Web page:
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How to Manage Knee Pain While Hunting in the Mountains

Last Updated on May 13, 2023 by

When hunting in the mountains, it is common to experience knee pain. This can be due to the strenuous terrain and long hours of walking, an injury, or possibly other conditions like osteoarthritis.

Luckily, there are several strategies you can use to help manage knee pain while out on your hunt. Some of the most effective ones are listed below.

7 ways to deal with knee pain while hunting

1. Wear knee braces or supports when hiking.

The benefits of knee braces and knee supports – such as straps and sleeves – are different depending on what type you get.

  • Hinged knee braces add multi-directional stability that helps you hike more confidently. These will do great for wobbly knees and injury prevention in case of trips and falls.
  • Knee sleeves add warmth, compression, and a bit of stability. This helps keep your muscles warm while you rest while also reducing pain and inflammation.
  • Knee straps are specifically made for tendonitis and other related issues. Use these to control your pain levels if you have swollen and tender patellar tendons.
  • Knee supports with open-patella designs are great for making sure your knee caps stay in place. Thus, preventing injury and regulating pain.

If you’re not sure which ones to choose, knee sleeves are your safest best. However, do consult with your doctor or physical therapist for a proper recommendation.

2. Take regular breaks throughout the day.

Fatigue dampens your muscles’ ability to perform. This is likely why you feel your knees buckle after a long day of hiking through the mountains to look for your prized prey.

This, in turn, contributes to knee pain and may even put you at a higher risk for injury.

Remember: There’s no shame in stopping for a bit to take a breather. Drink some fluids, take deep breaths, and enjoy the view while you’re at it, too.

Additionally, be sure to stretch regularly throughout the day, focusing on your quadriceps, hamstrings, and calves.

3. Ice your knees after a long day of hiking.

Although there are numerous more modern ways of dealing with recovery, ice has been THE long-standing standard for athletes across all sports.

Research suggests that icing delays inflammation. (1)

This, in turn, also helps you manage pain and get you ready for the next hunt. Pair your ice with a knee sleeve or a compression wrap and adequate rest, and your knees shouldn’t feel as sore.

However, only ice your knees for a maximum of 10-15 minutes. Otherwise, its effects are reversed and you might just experience more pain.

4. Avoid carrying too much weight.

The more weight you carry, the more stress you put on your knees.

This applies to both body weight and any external weight you’re carrying, whether that be from your backpack, your rifle, or anything else.

Outside of your hike, try to stay within your normal BMI. A balanced diet, strength training, and endurance training will go a long way towards your longevity as a hunter.

Moreover, try to lighten your load as much as possible and consider distributing weight evenly between a backpack and a cart or wheelbarrow.

5. Consider taking supplements for knee pain relief.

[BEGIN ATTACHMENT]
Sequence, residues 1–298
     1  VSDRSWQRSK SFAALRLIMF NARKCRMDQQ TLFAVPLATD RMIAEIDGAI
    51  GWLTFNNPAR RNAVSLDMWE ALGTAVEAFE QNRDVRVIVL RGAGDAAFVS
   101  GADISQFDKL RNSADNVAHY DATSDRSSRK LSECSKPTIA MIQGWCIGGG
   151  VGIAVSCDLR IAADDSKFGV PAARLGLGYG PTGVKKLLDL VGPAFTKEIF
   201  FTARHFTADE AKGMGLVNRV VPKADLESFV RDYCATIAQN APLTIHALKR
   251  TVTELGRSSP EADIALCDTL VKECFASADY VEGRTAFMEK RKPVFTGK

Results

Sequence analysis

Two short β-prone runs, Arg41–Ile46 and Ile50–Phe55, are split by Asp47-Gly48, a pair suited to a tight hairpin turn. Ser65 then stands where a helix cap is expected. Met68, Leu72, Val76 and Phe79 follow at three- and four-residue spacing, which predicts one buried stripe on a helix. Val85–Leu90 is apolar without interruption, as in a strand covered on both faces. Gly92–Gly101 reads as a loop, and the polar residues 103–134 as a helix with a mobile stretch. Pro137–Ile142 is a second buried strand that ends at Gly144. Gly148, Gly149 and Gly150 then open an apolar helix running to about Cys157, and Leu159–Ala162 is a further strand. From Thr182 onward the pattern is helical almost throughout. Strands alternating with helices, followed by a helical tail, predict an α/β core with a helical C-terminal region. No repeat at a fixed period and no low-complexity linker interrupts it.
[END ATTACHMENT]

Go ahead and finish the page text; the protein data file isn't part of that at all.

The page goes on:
There are a number of supplements that help manage knee pain. These include glucosamine, chondroitin, curcumin, omega-3 fatty acids, and many others. There are even supplements that combine these ingredients and, theoretically, make each pill more potent.

I highly recommend a combination of glucosamine and chondroitin but it’s always a good idea to talk with your doctor. Ask them about what supplements are best for your specific conditions.

6. Talk to your doctor about pain medications.

Speaking of doctors, you can also ask them about pain medications. Over-the-counter (OTC) pain meds are effective at managing both pain and inflammation. In case of severe knee pain, your doctor can also prescribe stronger pain meds.

However, I do have 2 words of caution here:

  • First, both OTC and prescription medication can have side effects especially long-term. Please only use them when absolutely necessary.
  • Second, if your pain can’t be relieved by OTC meds, it’s highly likely that there’s something more serious going on with you knee joint. Best to get that checked out before going back on another hunt.

7. Work on your hips and ankle

The root cause of your knee joint pain may not necessarily be coming from your knees.

Your hips, knees, and ankles work like a chain where malfunction on one joint can also affect the others.

For example, an ankle sprain may cause you to compensate and bear more weight on your other leg. This, in turn, can add more to the already heavy forces your knees have to endure and put you at a higher risk for knee injuries.

It’s not just injuries either. Weakness on either your hips or ankles can cause imbalances around your knee and lead to pain.


In a nutshell, navigating through knee pain while on a hunt starts before the actual hike. There are also strategies that you can apply after securing your prey to help get you ready for next time.

Get enough rest. Strengthen those muscles. Ice your knees after the hunt. Wear knee supports that are appropriate to your condition. Stretch and take breaks. And, last but not least, ask your doctor about supplements and medication.

Happy hunting!


  1. Singh, Daniel P et al. “Effects of Topical Icing on Inflammation, Angiogenesis, Revascularization, and Myofiber Regeneration in Skeletal Muscle Following Contusion Injury.” Frontiers in physiology vol. 8 93. 7 Mar. 2017, doi:10.3389/fphys.2017.00093